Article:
Here are the top news stories from the UK PropTech space in June 2021…
Luxembourg proptech with £860k new funding due to arrive in London
Kodehyve aims to remove inefficiencies and increase transparency in real estate project planning, construction, transactions and property manage- ment. The company proposes using the funding to develop its real estate collaboration tool.
Some of the fund will be deployed for expansion into new European markets, in particular the UK and London.
Founded in 2020 by Felix Hemmerling and Julien Casse, Kodehyve uses in-house modules and third-party APIs to optimise the performance of real estate professionals in project and customer relationship management and financial and data analysis.
Customers benefit from task and deadline planning, information and document transfer, new client data, e-signatures, KYC and AML checks, as well as a range of financial tools.
Casse believes that real estate still relies mainly on outdated processes, such as email, paper mail and phone calls, and lags at least five to ten years behind the financial industry in terms of digitisation and the widespread use of powerful solutions such as AI. The founders’ objective is to fully digitise the real estate market.
Hemmerling, having learnt a lot from their customers, says it was important to remain independent in the first private equity round and not raise funds from real estate organisations.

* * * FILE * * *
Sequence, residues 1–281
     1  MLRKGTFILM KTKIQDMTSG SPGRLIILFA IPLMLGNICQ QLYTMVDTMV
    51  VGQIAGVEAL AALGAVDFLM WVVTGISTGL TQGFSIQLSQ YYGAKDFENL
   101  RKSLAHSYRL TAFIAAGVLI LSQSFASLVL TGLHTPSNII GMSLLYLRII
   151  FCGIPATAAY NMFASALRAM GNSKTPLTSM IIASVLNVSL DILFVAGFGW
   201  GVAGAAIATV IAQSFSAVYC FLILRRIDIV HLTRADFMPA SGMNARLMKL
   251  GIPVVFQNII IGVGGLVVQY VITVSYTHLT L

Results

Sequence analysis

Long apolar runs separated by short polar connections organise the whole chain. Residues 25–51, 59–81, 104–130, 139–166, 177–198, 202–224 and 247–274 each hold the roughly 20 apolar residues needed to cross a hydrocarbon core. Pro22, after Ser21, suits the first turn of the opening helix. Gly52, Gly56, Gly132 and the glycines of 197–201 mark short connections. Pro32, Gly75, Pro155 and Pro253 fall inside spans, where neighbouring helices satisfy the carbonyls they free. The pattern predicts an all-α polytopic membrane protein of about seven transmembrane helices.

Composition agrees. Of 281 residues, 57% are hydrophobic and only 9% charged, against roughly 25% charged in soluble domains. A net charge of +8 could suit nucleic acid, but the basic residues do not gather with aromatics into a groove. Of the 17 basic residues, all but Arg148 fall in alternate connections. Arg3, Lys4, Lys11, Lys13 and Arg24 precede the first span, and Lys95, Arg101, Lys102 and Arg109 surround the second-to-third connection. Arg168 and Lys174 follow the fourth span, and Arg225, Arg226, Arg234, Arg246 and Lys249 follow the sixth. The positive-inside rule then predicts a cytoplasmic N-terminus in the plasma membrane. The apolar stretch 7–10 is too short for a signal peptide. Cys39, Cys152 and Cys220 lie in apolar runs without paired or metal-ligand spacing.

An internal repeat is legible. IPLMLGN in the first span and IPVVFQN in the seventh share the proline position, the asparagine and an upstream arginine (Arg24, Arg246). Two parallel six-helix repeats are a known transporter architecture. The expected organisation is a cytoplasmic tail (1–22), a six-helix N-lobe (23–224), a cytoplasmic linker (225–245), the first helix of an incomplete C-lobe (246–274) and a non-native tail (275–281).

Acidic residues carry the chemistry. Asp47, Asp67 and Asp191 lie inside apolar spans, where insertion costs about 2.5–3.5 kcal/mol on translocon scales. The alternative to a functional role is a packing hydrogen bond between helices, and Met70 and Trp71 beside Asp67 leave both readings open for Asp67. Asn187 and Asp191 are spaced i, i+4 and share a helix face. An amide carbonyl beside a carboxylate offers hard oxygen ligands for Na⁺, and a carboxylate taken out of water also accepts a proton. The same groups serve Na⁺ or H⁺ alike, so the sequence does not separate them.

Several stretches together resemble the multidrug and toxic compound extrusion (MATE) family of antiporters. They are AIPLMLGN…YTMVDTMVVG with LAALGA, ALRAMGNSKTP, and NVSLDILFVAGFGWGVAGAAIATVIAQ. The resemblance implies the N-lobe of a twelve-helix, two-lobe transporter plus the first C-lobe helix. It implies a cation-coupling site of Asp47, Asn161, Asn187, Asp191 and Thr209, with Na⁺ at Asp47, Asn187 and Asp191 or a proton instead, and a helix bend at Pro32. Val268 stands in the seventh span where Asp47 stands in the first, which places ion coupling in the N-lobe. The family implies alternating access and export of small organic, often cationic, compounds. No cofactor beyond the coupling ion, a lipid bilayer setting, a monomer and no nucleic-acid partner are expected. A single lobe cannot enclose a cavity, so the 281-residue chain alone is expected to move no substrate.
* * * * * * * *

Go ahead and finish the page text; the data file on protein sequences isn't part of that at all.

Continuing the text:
French proptech secures €600k to launch in UK
The UK’s departure from the EU has not prevented Ublo from establishing itself here. The proptech platform, already live in France, will soon be available to English-speaking landlords and agents.
The Paris-based property management platform has raised the funding from leading tech investors in France and offers its service to both UK landlords and lettings agencies.
The one-year-old platform has been available only to French landlords and lettings firms until now, although a UK language version has yet to go live.
The company aims to assist social and private property managers to become more efficient by automating their daily tasks, reducing their expenses and improving communication with their residents through its platform.
Agathe Machavoine, Ublo’s founder, comments that the funding will enable Ublo to continue focusing on its main goal; automating regular tasks and optimising contact among managers, residents and guardians.
The platform charges €5 per property per year for portfolios of up to 1,000 homes and is available also as a white-label version.
Maven invests £2m in proptech specialist Guru Systems
Maven Capital Partners (MCP), one of the UK’s most active investors in growth businesses, has invested in Guru, a prominent supplier of B2B IoT hardware, software and analytics systems to energy companies, house builders, developers and housing associations.
The company offers a service to those who wish to reduce their carbon footprint and operating costs, meet their regulatory requirements and deliver the most efficient and cost-effective service to their customers.